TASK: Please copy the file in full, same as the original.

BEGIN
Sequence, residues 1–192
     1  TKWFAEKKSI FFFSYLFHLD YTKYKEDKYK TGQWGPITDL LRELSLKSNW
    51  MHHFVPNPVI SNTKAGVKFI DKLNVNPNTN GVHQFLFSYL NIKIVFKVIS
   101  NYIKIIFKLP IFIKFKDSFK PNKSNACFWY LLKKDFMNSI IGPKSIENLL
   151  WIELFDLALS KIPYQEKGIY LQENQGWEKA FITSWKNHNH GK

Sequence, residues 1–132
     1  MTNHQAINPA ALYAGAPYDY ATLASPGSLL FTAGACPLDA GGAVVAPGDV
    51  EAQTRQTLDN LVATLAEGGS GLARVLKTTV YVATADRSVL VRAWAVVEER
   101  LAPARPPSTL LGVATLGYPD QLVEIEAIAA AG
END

Sequence, residues 1–192
     1  TKWFAEKKSI FFFSYLFHLD YTKYKEDKYK TGQWGPITDL LRELSLKSNW
    51  MHHFVPNPVI SNTKAGVKFI DKLNVNPNTN GVHQFLFSYL NIKIVFKVIS
   101  NYIKIIFKLP IFIKFKDSFK PNKSNACFWY LLKKDFMNSI IGPKSIENLL
   151  WIELFDLALS KIPYQEKGIY LQENQGWEKA FITSWKNHNH GK

Sequence, residues 1–132
     1  MTNHQAINPA ALYAGAPYDY ATLASPGSLL FTAGACPLDA GGAVVAPGDV
    51  EAQTRQTLDN LVATLAEGGS GLARVLKTTV YVATADRSVL VRAWAVVEER
   101  LAPARPPSTL LGVATLGYPD QLVEIEAIAA AG